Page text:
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Superman

“What we seek in visible human form is not man, but the superman, the hero or god, that quasi-human being who symbolizes the ideas, forms, and forces which grip and mould the soul.”

C.G. Jung (CW 5, par. 259)

 “The archetype of the redeemer-god … is age-old – we simply do not know how old.”

C.G. Jung (CW 11, par. 202)

Summer is upon us and once again the superhero has returned to movie theaters. Let me begin by stating that I enjoy watching the occasional superhero film for it can simultaneously entertain and enlighten us. In my youth, I was an avid reader and collector of comic books with a special fondness for The Fantastic Four (was this the beginning of my becoming a Jungian?).

From a psychological perspective, even the most cursory consideration of these films reveals the age-old archetype of the hero, including motifs of the wound, redemption and the granting of a gift providing power for the good of humanity. The superhero story also always possesses an opponent of near equal strength (but of course not equal or greater strength than our hero) to add tension to the narrative. For how interesting would the story be without the possibility of the hero’s demise?

It has been noted that the comic book hero Superman first appeared around the time of the Great Depression. His original form, as a very strong man fighting for the underdog, helped people during this time to cope with their feelings of disempowerment. Psychologically, people projected their inner hero onto this comic book hero thus imaginatively allowing them to experience exploits of empowered justice. Also, the portrayal of a simple division between good and evil helped people deal with the ambiguity and complexity of their lived-world. As Jung notes, the archetype of the redeemer-hero has been with us for a long time. Each age, each culture creates its own nuanced form of the archetypal hero story.

What I find most interesting is the current superabundance of these films (see a recent article on the implications of this for film in general). To be sure, Superman has been with us for many years on both television and film screens. But recently it seems the door to the hallowed hall of the superheroes has been thrust open allowing a veritable stampede of heroes to enter our everyday world. Consider the appearances of Superman, Batman, the Hulk, Spiderman, Iron Man, Captain America, Thor, X-Men and the Avengers, to name but a few! Truly the world is in safe hands with such an abundance of hero-redeemers. Consider also that these superheroes return each blockbuster summer season, nicely synchronized with the appearance of the summer solstice… perhaps, this is no coincidence given that the original hero myths were tied to the Sun’s (Son’s!) rebirth each year.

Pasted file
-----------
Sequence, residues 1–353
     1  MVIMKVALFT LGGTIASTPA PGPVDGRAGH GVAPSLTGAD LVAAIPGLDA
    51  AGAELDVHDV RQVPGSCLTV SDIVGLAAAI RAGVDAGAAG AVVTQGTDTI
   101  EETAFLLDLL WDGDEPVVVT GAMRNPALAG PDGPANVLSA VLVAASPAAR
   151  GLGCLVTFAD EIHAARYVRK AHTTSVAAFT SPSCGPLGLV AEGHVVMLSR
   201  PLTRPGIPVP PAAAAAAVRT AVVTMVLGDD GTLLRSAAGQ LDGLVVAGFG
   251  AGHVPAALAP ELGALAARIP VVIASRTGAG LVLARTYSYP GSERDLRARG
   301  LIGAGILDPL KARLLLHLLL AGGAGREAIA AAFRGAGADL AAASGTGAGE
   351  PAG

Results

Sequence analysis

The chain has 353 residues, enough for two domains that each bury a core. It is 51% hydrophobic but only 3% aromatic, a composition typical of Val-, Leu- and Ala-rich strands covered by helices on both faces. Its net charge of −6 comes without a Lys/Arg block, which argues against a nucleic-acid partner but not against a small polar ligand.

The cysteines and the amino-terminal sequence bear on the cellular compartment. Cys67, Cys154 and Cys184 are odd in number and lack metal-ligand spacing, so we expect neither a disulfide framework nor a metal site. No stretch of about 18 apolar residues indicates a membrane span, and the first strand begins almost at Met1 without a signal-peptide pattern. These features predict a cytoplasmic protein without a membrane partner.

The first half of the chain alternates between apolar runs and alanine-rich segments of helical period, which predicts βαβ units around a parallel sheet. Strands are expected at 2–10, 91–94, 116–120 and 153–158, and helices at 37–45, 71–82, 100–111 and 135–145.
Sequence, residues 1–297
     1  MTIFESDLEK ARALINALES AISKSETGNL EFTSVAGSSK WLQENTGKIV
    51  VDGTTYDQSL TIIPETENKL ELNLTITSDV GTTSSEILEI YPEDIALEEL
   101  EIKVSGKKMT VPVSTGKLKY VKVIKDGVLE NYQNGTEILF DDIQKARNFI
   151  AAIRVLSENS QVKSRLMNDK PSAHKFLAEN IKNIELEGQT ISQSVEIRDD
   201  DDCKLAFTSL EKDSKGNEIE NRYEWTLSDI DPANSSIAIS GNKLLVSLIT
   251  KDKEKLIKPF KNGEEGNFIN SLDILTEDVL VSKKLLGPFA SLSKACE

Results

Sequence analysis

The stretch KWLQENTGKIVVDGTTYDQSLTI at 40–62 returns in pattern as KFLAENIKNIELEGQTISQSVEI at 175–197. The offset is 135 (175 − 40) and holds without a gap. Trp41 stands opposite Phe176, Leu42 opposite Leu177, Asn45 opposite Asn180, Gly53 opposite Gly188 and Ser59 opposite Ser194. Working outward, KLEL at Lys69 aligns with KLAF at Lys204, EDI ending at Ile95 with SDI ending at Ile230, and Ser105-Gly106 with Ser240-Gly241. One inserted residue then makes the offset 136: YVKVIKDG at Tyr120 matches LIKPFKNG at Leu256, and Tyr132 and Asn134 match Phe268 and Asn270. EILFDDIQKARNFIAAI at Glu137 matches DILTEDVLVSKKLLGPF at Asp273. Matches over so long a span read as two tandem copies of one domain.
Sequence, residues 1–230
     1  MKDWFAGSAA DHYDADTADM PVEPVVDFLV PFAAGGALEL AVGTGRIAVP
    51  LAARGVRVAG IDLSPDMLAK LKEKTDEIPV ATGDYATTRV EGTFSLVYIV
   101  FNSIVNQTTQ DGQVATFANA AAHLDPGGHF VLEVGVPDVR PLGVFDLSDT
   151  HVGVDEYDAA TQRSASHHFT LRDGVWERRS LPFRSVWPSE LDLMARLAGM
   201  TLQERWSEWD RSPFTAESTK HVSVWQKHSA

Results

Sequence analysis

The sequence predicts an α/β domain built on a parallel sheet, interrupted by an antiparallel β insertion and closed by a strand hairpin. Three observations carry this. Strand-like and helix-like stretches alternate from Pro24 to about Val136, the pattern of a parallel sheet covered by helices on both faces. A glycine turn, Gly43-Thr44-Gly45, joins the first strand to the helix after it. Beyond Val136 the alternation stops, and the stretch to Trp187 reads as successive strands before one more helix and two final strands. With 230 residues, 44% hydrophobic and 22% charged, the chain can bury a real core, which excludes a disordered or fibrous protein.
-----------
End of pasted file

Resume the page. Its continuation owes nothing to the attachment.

Apparently, we are in dire need of the redeemer-hero given the large number of people attending these films. The hero eternally returns – most recently in form fitting tights and modern metallic armor (remember the archetype is universal, but its particular form adapts to the times). Today we find our superheroes as projected images on film screens, which is certainly deeply ironic for depth psychologists. A positive aspect to these projections is that they allow us to gaze into the unconscious. Analytic gazing opens us to a path back into ourselves. Perhaps, by questioning why we are so fascinated with our many superheroes we may ultimately find the hero within ourselves.

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